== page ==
His bubbly personality infects an entire room. Spending just five minutes with him is enough for him to make you feel as if you've been best friends for years. Everyone knows him – you can't go anywhere with him without people stopping to say hi. He's incredibly goofy and hilarious, yet he has the wisdom of someone twice his age.

Who is this kid?

That's the question most people seem to ask themselves when they meet Brent Shelton for the first time.

Shelton grew up in Cary, North Carolina, where he attended Cary Academy, a school that sent kids to the Ivy Leagues – not art school. Up until he was 16, he had been a swimmer at Cary Academy and a singer in the Raleigh Boys Choir, but in 10th grade, he told his mom that he wanted to try ballet.

So, he did. He took an introductory class and fell deeply in love with ballet almost immediately. Soon after, he started searching out ballet companies and found the Cary Ballet Conservatory. He started taking classes there, and before he knew it, he had joined their studio program and was dancing six days a week.

"They believed in me," said Shelton. "They needed more male dancers, so they really pushed on me that it wasn't too late to start dancing."

Shelton knew he had a lot of catching up to do. He didn't let that intimidate him; instead, he used it as motivation to push himself harder and harder. Over the course of a year, he improved by a great amount, moving up several skill levels at CBC.

"He really wanted to learn," said his dance instructor at CBC, Heather Iler. "He had a strong work ethic, and he always had a hunger to learn even more than what we were doing."

By summer 2017, Shelton had been accepted to the Bolshoi Ballet Academy's Summer Intensive program in New York, an incredible accomplishment for someone who had only been dancing for one year. It was there in New York that Shelton met Katie Ripley, a friend who would later also attend Butler.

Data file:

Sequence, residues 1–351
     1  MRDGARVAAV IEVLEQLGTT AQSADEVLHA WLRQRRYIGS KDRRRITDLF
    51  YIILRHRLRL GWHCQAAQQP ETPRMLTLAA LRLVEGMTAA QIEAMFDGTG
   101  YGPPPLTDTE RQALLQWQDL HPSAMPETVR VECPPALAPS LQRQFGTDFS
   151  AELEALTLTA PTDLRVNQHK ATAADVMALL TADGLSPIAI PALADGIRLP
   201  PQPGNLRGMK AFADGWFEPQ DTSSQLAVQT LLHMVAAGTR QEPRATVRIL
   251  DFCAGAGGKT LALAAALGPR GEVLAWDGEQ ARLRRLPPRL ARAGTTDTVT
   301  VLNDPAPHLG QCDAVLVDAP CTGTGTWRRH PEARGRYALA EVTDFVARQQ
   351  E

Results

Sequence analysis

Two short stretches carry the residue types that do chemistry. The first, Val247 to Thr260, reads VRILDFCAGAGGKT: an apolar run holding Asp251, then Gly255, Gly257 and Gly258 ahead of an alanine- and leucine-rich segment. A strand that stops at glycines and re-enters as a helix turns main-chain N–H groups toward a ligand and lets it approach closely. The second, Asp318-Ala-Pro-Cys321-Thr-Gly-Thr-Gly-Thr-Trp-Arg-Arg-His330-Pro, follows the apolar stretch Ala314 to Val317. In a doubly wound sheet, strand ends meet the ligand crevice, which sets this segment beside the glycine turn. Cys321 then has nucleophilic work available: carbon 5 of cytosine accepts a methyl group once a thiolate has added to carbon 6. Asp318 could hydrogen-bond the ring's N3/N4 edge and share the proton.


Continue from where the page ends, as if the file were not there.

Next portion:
It was a casual Saturday afternoon in New York, and Ripley and some other friends decided to go on a bike ride. A mutual friend decided to bring Shelton, who showed up dressed in full ballet attire.

"I thought to myself, 'who is this kid?" Ripley said. "Does he know we're going biking?"

Later, she found out that Shelton had just come from a photoshoot in Central Park, hence the choice in outfit.

The group chose to grab some water before heading out, and Ripley recalls standing in line and turning around to see Shelton doing the splits on the floor in the middle of Starbucks.

"He's crazy and fun," Ripley said. "There's never a dull moment with him. He's always doing something unexpected."

His senior year, Shelton began to seriously consider dance as a career. He had never considered becoming a professional dancer before, but after attending Bolshoi, he decided that it was something he could potentially do.

"Bolshoi really opened my eyes to how far you can push yourself," Shelton said. "I think it taught me that even though I was miserable and working so hard, I loved dancing, so I didn't really mind."

Shelton decided to apply to Butler's Jordan College of the Arts, a school he hadn't even heard of before considering dance. He auditioned for the dance program, and he really liked it. The audition went well – in August, Shelton started his first year at Butler, along with 18 other dance performance majors.

His experience at Butler has been very eye-opening so far. At home, Shelton exclusively studied ballet. Now, he has also been taking classes in modern and jazz.

This new challenge has been one that Shelton has made the most of. Sometimes, though, he struggles not to compare himself to the other dancers, who have been studying dance their whole life.

"Sometimes, I think I'm the worst dancer here," Shelton said.

But when he starts to doubt his talent, Shelton recalls something one of his strictest professors, Cynthia Pratt, told all the dancers.